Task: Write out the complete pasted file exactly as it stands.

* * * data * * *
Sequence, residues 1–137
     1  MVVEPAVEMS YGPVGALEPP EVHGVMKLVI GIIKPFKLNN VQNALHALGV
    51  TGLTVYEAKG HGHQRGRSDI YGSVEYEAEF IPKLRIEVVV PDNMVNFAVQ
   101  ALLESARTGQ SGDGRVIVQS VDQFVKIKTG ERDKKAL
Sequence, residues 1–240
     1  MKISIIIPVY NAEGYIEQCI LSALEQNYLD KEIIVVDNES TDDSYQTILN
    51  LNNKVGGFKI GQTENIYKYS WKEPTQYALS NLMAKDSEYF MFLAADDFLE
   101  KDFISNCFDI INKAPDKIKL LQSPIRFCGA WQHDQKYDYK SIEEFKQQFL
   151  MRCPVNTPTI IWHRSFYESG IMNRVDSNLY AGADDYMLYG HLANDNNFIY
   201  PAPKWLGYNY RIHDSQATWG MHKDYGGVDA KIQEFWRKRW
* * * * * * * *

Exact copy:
Sequence, residues 1–137
     1  MVVEPAVEMS YGPVGALEPP EVHGVMKLVI GIIKPFKLNN VQNALHALGV
    51  TGLTVYEAKG HGHQRGRSDI YGSVEYEAEF IPKLRIEVVV PDNMVNFAVQ
   101  ALLESARTGQ SGDGRVIVQS VDQFVKIKTG ERDKKAL
Sequence, residues 1–240
     1  MKISIIIPVY NAEGYIEQCI LSALEQNYLD KEIIVVDNES TDDSYQTILN
    51  LNNKVGGFKI GQTENIYKYS WKEPTQYALS NLMAKDSEYF MFLAADDFLE
   101  KDFISNCFDI INKAPDKIKL LQSPIRFCGA WQHDQKYDYK SIEEFKQQFL
   151  MRCPVNTPTI IWHRSFYESG IMNRVDSNLY AGADDYMLYG HLANDNNFIY
   201  PAPKWLGYNY RIHDSQATWG MHKDYGGVDA KIQEFWRKRW